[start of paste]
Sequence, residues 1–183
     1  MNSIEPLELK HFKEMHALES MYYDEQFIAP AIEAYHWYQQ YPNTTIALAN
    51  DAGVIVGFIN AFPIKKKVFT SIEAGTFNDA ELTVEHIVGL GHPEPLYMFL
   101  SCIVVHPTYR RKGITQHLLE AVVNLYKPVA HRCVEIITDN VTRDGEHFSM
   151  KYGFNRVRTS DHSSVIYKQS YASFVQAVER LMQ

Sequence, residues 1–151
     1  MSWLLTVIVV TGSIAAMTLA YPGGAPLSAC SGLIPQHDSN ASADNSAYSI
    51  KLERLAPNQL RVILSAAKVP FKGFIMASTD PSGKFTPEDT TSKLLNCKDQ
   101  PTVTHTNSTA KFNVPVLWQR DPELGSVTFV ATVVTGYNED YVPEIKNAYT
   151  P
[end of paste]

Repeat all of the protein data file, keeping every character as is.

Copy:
Sequence, residues 1–183
     1  MNSIEPLELK HFKEMHALES MYYDEQFIAP AIEAYHWYQQ YPNTTIALAN
    51  DAGVIVGFIN AFPIKKKVFT SIEAGTFNDA ELTVEHIVGL GHPEPLYMFL
   101  SCIVVHPTYR RKGITQHLLE AVVNLYKPVA HRCVEIITDN VTRDGEHFSM
   151  KYGFNRVRTS DHSSVIYKQS YASFVQAVER LMQ

Sequence, residues 1–151
     1  MSWLLTVIVV TGSIAAMTLA YPGGAPLSAC SGLIPQHDSN ASADNSAYSI
    51  KLERLAPNQL RVILSAAKVP FKGFIMASTD PSGKFTPEDT TSKLLNCKDQ
   101  PTVTHTNSTA KFNVPVLWQR DPELGSVTFV ATVVTGYNED YVPEIKNAYT
   151  P